1. An Integral Part of Instruction and Learning 2. Continuous and Ongoing 3. Authentic and Meaningful Language Learning Processes and Contexts
Assessment . . .
  • is meaningful to students
  • leads to goal setting
  • fosters transfer/integration with other curricular areas and application to daily life
  • reflects instructional strategies used
  • uses a wide variety of strategies and tools
  • reflects a definite purpose
Assessment . . .
  • occurs through all instructional activities (observations, responses, logs)
  • occurs systematically over a period of time
  • demonstrates progress towards achievement of learning outcomes
Assessment . . .
  • focusses on connecting prior knowledge and new knowledge (integration of information)
  • focusses on authentic literacy contexts and tasks
  • focusses on application of strategies for constructing meaning in new contexts
4. Collaborative and Reflective Process 5. Multidimensional -- Incorporating a Variety of Tasks 6. Developmentally and Culturally Appropriate
Assessment . . .
  • encourages meaningful student involvement and reflection
  • involves parents as partners
  • reaches out to the community
  • focuses on collaborative review of products and processes to draw conclusions
  • involves a team approach
Assessment . . .
  • uses a variety of authentic strategies, tasks, and tools
  • is completed for a variety of purposes and audiences
  • reflects instructional tasks
Assessment . . .
  • is suited to students' developmental levels
  • is sensitive to diverse social, cultural, and linguistic backgrounds
  • is unbiased
7. Focused on Students' Strengths 8. Based on How Students Learn 9. Offer Clear Performance Targets
Assessment . . .
  • identifies what students can do and are learning to do
  • identifies competencies in the development of knowledge, skills and strategies, and attitudes
  • considers preferred learning styles
  • focuses on celebrations of progress and success
  • provides for differentiation
  • provides information to compare a student's performance with his/her other performances
Assessment . . .
  • uses sound educational practice based on current learning theory and brain research
  • fosters development of metacognition
  • considers multiple intelligences and learning styles
  • uses collaborative and co-operative strategies
  • considers research on the role of memory in learning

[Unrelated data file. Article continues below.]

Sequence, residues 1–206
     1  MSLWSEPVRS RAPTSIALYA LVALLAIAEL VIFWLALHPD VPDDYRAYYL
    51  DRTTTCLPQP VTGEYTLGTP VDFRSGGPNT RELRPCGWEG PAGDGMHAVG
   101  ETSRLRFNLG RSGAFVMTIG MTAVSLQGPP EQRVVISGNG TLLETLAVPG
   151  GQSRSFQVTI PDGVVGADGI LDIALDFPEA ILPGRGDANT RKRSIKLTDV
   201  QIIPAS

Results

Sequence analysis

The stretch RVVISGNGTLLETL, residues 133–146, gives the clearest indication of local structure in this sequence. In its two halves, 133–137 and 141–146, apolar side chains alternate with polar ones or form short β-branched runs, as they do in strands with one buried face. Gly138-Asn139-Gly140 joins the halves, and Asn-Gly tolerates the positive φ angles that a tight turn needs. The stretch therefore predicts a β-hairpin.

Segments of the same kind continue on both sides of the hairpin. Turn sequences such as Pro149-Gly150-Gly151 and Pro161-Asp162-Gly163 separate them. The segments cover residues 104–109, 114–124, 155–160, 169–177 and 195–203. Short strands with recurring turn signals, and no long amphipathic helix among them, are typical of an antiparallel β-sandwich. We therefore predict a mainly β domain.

• reflects current models of language learning
Assessment . . .
  • encourages student involvement (setting criteria, measuring progress, working towards outcomes and standards)
  • encourages application beyond the classroom
  • provides a basis for goal setting
  • provides students with a sense of achievement
  • provides information that compares a student's performance to predetermined criteria or standards

Classroom-Based Assessment and the Seven Language Arts Standards

The English language arts standards of student performance identify expectations for literacy knowledge, skills and strategies, and attitudes at Grade 3. The Grade 3 standards are explained in Kindergarten to Grade 4 English Language Arts: Manitoba Curriculum Framework of Outcomes and Grade 3 Standards (1996). When classroom-based assessment is conducted in conjunction with the standards, it provides information about which knowledge, skills and strategies, and attitudes students have acquired, exceeded, or need to achieve.

Provincial standards tests for Grade 3, Grade 6, and Senior 1 are based on the learning outcomes and standards articulated for each of these grades.

Additional classroom assessment information and examples are provided in this document in the following sections:

  • Suggestions for Assessment column of the four-column section. Suggestions in this column indicate ways to assess achievement of specific learning outcomes. Suggested Learning Resources list the references.
  • Strategies That Make a Difference chapter. Suggestions in this chapter relate to the instructional strategies provided. Specific tools and strategies for classroom-based assessment are described in Section III: Assessment.